This is a subcontract to a STEM Pipeline to the Future grant awarded to the Grand Coulee School District by the US Department of Education. It provides funding for WSU College of Education faculty to evaluate the program, which aims to significantly improve the district’s educational infrastructure, especially in science. In addition, it provides support for faculty to assist in the implementation of the Project Lead the Way Biomedical Sciences program at Lake Roosevelt High School. 

Georgina Lynch/
Nancy Potter

Department of Speech and Hearing Sciences

Facial Response to Visual stimuli in Individuals with Autism Spectrum Disorder: Using Pupil Response as an Indicator for Phenotype

WSU Spokane Office of Research

 

This is seed grant funding for study that will examine the use of pupil measurement as a way of supporting the diagnosis of autism spectrum disorder (ASD). This study will provide a basis for better understanding sensory and neurological deficits seen in children with ASD that are associated with the interpretation of facial expression and non-verbal language.

Sean Murphy

 

Health Policy and Administration

Framework for Cost Effectiveness

Spokane County Medical Society Foundation

This grant provides funding to conduct a cost-effectiveness analysis of the Spokane County Medical Society’s (SCMS) Prescription for Housing Program, which places homeless patients with medical needs into permanent housing.

Jeannie Padowski/
Jonathan Wisor

College of Pharmacy/ WWAMI Spokane

Cerebral Slow Wave Activity Predicts Brain Lactate Dynamics: an Electroencephalographic/Magnetic Resonance Spectroscopy Study in Humans

WSU Office of Research

 

 

 

This is faculty seed grant funding for a study that will demonstrate the feasibility of simultaneous electroencephalographic (EEG) and cerebral metabolic measurements in sleeping human subjects. The current study will test the hypothesis that slow oscillations detected in the electroencephalogram of human subjects during sleep-deprived wakefulness predict a decline in lactate concentration in the cerebral cortex and that this decrease happens at the time of sleep onset.  The long-term goal is to identify the neurobiological underpinnings of the relationship between disrupted sleep and compromised daytime function, both of which are symptoms observed in those suffering from insomnia, idiopathic hypersomnia, and traumatic brain injury.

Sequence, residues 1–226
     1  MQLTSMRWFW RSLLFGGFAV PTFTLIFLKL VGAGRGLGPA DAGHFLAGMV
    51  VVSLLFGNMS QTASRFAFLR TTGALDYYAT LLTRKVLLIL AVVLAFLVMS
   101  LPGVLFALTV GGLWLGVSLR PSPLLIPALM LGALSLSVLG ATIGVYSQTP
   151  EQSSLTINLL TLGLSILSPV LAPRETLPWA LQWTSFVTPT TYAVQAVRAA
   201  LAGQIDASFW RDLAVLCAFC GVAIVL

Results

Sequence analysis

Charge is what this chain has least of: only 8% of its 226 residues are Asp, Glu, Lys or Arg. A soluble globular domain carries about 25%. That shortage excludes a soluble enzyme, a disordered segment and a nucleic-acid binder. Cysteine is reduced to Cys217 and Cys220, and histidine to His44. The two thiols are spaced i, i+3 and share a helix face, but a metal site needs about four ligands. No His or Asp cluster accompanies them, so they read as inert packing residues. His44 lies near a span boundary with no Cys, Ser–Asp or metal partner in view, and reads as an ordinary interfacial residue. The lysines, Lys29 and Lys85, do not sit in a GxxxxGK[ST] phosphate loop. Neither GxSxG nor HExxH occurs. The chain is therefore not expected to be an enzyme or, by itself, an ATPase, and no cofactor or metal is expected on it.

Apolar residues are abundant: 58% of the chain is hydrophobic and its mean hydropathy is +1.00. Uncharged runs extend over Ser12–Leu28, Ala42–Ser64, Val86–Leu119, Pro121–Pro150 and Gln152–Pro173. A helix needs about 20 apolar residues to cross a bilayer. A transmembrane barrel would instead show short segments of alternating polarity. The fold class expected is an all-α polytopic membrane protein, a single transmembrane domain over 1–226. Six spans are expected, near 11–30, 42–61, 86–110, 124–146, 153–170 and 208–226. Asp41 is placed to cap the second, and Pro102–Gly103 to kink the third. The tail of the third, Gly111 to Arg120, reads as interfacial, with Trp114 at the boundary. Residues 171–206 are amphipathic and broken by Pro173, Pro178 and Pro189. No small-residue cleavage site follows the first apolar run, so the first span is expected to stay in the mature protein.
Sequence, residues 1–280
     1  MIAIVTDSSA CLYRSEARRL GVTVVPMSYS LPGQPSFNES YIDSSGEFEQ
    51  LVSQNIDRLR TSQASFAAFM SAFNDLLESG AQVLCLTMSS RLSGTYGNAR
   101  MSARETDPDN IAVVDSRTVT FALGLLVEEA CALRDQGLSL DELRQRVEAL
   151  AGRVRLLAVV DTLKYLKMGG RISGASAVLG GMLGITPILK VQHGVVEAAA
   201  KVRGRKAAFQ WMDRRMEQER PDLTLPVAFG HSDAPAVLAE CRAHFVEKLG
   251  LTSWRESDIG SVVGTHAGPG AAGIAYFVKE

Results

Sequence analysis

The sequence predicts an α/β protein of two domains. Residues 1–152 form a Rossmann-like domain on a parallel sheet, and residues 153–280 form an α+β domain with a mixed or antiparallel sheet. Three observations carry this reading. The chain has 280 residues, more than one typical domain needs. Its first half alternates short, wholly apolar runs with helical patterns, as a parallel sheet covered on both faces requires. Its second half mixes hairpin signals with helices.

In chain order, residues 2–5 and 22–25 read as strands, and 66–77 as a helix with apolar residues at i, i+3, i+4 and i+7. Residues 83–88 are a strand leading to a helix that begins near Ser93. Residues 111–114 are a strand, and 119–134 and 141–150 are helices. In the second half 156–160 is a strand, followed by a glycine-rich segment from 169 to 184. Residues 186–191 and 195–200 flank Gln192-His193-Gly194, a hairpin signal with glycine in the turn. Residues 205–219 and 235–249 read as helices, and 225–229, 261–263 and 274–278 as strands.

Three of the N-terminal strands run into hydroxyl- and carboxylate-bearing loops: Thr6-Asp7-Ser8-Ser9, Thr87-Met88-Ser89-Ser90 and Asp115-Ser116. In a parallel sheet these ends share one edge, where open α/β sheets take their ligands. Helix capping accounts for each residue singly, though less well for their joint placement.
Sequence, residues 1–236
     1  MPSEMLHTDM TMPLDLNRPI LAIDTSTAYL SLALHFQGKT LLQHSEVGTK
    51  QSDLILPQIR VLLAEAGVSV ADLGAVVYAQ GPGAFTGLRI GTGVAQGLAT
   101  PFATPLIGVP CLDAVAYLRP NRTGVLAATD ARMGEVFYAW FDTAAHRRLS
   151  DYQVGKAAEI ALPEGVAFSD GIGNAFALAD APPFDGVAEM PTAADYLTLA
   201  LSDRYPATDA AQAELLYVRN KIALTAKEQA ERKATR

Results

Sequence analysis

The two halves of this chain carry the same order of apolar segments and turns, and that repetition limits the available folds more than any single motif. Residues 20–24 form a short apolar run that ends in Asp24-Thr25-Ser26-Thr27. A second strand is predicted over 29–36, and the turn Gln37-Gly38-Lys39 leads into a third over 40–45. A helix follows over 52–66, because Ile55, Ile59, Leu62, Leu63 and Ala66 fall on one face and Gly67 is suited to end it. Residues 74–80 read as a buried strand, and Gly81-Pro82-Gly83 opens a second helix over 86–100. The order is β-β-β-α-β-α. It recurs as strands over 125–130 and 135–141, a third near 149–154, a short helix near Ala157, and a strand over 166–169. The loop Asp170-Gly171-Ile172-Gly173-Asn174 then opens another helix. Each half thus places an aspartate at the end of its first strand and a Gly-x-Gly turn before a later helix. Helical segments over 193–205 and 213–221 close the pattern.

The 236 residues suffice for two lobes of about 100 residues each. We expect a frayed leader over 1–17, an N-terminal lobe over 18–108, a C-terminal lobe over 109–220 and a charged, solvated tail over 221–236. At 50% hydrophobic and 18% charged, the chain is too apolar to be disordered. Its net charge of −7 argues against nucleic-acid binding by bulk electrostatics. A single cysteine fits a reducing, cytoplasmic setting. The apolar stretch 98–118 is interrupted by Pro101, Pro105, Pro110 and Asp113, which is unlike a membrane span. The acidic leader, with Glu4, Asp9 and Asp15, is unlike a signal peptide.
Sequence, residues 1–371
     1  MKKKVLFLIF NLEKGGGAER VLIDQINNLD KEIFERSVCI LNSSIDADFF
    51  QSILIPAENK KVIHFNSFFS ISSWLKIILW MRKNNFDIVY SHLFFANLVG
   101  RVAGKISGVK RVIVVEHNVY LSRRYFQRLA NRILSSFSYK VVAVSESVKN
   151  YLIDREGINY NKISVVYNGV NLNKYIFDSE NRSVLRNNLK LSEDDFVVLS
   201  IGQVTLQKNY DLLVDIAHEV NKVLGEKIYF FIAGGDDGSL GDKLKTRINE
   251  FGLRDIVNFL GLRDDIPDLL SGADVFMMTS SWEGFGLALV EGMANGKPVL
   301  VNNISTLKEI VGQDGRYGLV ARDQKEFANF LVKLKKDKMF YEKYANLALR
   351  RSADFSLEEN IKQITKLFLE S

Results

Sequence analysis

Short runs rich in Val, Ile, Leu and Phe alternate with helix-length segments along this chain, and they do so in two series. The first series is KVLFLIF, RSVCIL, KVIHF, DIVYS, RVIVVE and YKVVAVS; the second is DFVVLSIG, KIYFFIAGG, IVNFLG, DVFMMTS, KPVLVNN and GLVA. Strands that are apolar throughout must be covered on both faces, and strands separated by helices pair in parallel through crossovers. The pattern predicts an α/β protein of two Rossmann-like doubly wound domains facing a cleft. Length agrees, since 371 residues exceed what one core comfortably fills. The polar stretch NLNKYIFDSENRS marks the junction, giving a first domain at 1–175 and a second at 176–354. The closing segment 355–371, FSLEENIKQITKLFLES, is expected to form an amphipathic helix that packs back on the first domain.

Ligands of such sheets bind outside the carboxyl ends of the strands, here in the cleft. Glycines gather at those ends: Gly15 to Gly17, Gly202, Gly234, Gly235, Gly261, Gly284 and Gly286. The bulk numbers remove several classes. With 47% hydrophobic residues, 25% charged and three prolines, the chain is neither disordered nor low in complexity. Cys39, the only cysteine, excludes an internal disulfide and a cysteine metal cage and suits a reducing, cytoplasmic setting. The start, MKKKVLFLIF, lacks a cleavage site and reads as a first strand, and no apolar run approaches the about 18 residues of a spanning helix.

Mary Paine

 

College of Pharmacy

Mechanisms Underlying Drug-Diet Interactions

National Institutes of Health

This grant funds a study in which clinical pharmacologists and natural products chemists will collaborate to identify and characterize drug-diet interactions. The study will create a framework for the development of guidelines to evaluate drug-diet interactions and their role in explaining why drug response can vary significantly from one patient to another. This variation in drug response can delay, or even prevent, optimal therapeutic outcome, with consequent negative impact on quality of life and health care costs. This project will contribute to the long-term goal of providing firm information to clinicians for the appropriate management of drug-diet interactions.

John Roll/
Donelle Howell/
Janet Katz/
Matthew Layton/
Sterling McPherson

College of Nursing/ WWAMI Spokane

Clinical Trials Network: Pacific Northwest Node

National Institutes of Health/
University of Washington

This grant provides continued funding for the Pacific Northwest Node of the NIDA Clinical Trials Network (CTN). It supports a multi-institution, multiple-principal investigator effort to continue CTN's mission to improve the quality of drug abuse treatment throughout the country through science.

Kawkab Shishani

 

College of Nursing

Role of Contingency Management in Water Pipe Smoking Cessation

National Institutes of Health

Few studies have been conducted on water pipe smoking to investigate its harmful effect and evaluate treatments for smoking cessations in water pipe smokers. This project will provide career development and training of a public health nurse scientist to conduct innovative and rigorous research around water pipe smoking prevention. In addition, it will include a study to test the effectiveness of an incentive-based treatment method to promote abstinence from water pipe smoking. 

Hans Van Dongen

Sleep and Performance Research Center

Field Study of the Efficacy of the new Restart Provision for Hours of Service

US Dept. of Transportation – Federal Motor Carrier Safety Administration

This is additional funding for a large-scale field study to evaluate the efficacy of a new hours-of-service rule for truck drivers. The rule requires nighttime drivers who work the maximum number of hours allowed in a duty cycle to take a restart break with at least two biological nights before they begin another duty cycle. The on-site study involves measurement of drivers’ rest/activity patterns and reaction time performance across two duty cycles and the intervening restart break. In addition, driving metrics (lane deviation, speed variability, fuel use, etc.) are collected from the drivers' trucks.

Bryan Vila

Sleep and Performance Research Center

Impact of Work-Related Fatigue on Deadly Force Judgment and Decision Making Performance and Driving Performance Among Day vs. Night Sleeper